17 Feb 2017
- By Jaime Vergara
THE CNMI obligates itself by law to provide education for the political unit’s young until a certain grade. It is the way a sociopolitical collective trains its supply of employees for its structures, public and private.
I substituted in schools around Saipan 2002 before I was asked to teach 6th grade at San Vicente; in 2008, I was diagnosed with cervical spondylosis. I sought therapy without surgery on the critical neck vertebra.
After doing public higher education in China, I returned and substituted for 1st Grade at William S. Reyes Elementary School. A supervisor noticed that I aimed too high for my classroom, or treated Grade 1 too independently as “adults” to have the students learn “different” stuff than what the other classes of the same grade level taught. Students do ascend levels and if they don’t, they are left behind. I tried to explain my pedagogy but the bother was mote. I pleaded “guilty” as charged. I was not asked to return.
I remain in the current list of qualified and available teachers for PSS, as a Basic I highly qualified teacher for Middle School on Social Studies. I was interviewed by two High Schools but their needs were adequately filled. Hopwood did specifically needed my HQT so PSS got the necessary papers before Principal Jonas got booted up to the native language program.
Parents who came over WSR on Teacher’s week, were of two kinds. There were readers of Marianas Variety who told me of what they read in the articles I wrote. The others knew of my column in Saipan Tribune, showed my photo to their child, but would not recall what it was I wrote about. But they knew I wrote for the paper and let their child knew that they knew. I was duly informed.
Learning is a lifelong task, a quest rather than a routine. Routines are for earning medals and awards, to be on top of the heap; acquisition takes the motivation out of the quest to learn into the dubious arena of how “to excel” and get points. Nine months before birth, we created a magnificent organism with the skeletal, muscular, digestive, nervous, circulatory, respiratory, etc. systems, and we are to excel? We already have, for heaven’s sake!
I spent a decade facilitating learning in communities and villages around the world whose folks needed to learn how to manage words and numbers to adapt to the requirements of commerce, trade, and industry. I taught methods; happily, English was spread where the sun did not set on the Empire and I could manage the language.
A mother counted her coins to be able to afford the fees that a private school expected to be paid. The children went around telling everyone that it was not their choice to attend the school but their parents made them come. It was the old Flip Wilson refrain: “the Devil make me do it” with a twist. “My parents made me do it!”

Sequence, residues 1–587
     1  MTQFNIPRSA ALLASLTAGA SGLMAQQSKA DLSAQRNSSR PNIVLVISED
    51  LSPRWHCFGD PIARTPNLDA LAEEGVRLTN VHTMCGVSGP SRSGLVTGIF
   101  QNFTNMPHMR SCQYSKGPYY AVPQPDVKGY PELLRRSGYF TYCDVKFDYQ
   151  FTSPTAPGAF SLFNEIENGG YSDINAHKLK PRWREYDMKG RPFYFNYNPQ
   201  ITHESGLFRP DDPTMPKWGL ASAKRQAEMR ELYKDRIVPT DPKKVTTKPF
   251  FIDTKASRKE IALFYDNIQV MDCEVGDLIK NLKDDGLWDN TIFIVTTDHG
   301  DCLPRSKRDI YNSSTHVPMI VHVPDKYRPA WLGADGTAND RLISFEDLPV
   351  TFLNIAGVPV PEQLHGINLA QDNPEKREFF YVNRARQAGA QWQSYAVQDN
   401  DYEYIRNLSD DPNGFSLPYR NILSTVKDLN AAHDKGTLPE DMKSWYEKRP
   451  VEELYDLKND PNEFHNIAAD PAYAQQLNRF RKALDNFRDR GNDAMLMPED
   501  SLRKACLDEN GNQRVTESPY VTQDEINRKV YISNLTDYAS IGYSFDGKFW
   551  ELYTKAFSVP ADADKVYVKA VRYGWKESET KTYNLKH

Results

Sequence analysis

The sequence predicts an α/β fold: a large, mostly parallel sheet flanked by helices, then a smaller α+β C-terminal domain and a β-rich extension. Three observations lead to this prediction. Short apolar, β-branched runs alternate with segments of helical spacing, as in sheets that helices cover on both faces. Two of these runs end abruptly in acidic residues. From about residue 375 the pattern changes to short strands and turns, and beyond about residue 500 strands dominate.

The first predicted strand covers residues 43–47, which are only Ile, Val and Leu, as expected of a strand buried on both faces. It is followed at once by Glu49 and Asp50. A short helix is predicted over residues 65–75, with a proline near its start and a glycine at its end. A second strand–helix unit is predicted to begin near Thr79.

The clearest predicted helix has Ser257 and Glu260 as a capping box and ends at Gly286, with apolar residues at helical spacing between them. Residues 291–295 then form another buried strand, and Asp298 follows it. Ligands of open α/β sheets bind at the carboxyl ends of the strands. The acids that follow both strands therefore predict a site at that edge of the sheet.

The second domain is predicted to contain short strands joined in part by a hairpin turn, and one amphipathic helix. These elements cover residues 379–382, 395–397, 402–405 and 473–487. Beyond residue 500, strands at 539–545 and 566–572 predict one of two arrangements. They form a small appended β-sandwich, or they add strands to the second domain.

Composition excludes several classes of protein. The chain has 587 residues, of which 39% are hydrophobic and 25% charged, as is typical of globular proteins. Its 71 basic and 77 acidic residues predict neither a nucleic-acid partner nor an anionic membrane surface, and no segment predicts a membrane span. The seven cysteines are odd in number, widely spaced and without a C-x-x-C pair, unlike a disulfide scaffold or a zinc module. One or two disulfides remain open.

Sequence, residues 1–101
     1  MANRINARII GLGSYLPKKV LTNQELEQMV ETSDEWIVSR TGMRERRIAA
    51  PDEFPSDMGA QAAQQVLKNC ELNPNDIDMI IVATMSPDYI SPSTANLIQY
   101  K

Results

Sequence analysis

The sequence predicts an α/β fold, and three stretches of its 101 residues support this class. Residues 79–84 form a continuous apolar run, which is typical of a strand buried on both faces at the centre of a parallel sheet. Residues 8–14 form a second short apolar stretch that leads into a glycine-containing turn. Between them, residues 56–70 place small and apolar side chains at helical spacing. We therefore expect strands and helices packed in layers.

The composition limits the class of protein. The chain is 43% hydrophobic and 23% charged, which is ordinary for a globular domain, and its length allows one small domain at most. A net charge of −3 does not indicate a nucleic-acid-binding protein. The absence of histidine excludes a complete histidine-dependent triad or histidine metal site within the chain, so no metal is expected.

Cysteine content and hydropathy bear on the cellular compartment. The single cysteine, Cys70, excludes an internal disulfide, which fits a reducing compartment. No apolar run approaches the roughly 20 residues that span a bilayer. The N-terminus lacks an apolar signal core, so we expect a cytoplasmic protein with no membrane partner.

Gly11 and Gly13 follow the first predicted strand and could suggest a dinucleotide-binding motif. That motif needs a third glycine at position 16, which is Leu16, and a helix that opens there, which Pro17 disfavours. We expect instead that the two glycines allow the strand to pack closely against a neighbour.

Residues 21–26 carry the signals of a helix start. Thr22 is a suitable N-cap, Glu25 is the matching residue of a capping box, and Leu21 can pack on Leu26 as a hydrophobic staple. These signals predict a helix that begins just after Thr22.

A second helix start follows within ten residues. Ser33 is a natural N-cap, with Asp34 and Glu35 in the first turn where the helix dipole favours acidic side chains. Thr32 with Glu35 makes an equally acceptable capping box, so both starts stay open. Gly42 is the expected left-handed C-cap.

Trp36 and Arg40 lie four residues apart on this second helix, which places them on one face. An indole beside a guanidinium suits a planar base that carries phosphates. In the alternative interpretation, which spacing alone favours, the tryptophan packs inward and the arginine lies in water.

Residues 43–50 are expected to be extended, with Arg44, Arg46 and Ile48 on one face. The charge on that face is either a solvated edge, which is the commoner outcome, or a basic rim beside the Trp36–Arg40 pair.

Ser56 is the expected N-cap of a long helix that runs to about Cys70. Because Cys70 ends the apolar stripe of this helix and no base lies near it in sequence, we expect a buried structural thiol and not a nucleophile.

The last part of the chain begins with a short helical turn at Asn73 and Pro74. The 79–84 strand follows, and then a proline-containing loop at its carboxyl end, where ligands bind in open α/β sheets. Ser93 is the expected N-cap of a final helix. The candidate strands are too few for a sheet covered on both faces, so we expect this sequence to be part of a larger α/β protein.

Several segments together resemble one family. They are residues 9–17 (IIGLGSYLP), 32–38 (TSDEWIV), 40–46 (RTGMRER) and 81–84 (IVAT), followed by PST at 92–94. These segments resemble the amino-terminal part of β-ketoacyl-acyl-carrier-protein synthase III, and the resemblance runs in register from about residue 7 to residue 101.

I asked them, “You decided to honor your parents by letting them choose where you attend school?” Of course, they said, “Yes.” I moved on: “They did not have to drag you into the car kicking in the morning to come to school, did they?” They replied: “Of course, not.”
“After honoring your parents, you enter the classroom of your own free will, and you decide to be a student.” They were quiet. They cornered themselves as students to honor the wishes of their parents who decided that they attend the private school!
The private schools on Saipan are mostly church-related of conservative persuasion; RC schools remain faithfully Catholic though still in the archaic medieval metaphors. The non-sectarians zero in on the Core standards to retain their accreditation.
Raised in the Methodist Church where the quadrilateral checklist of Scripture, tradition, reason, and experience guided matters of faith (the conservatives pushed for the pre-eminence of Scripture), I tend to be progressive in my approach to academic learning, i.e., I promoted reason from the Enlightenment.
I continued teaching as a vocational choice and signed up with the Public School System; most of the private schools on island adhered to the evangelical goals of their respective religious sponsors.
The difference between the private and the public ones are emphasis in method. The private schools, except Saipan International School, I gathered, rely on revealed knowledge, whether this comes from adherence to Holy Writ, or on the doctrines and dogmas of their religious persuasion.
The public schools are responsive to the structure of the brain that we map out on the first week of SFTD (sense, feel, think, do) but private schools inject the question of faith into the processes of imagination and cognition; the public schools skip this religious process all together though some individual teachers manage to sneak it in.
“It don’t matter none.” The government supports private schools with public funds so learning is learning in any language, as long as beliefs are stated as such. Method on how to learn is my Covenant, ergo, I teach.
Opinions expressed by Marianas Variety contributors are their own.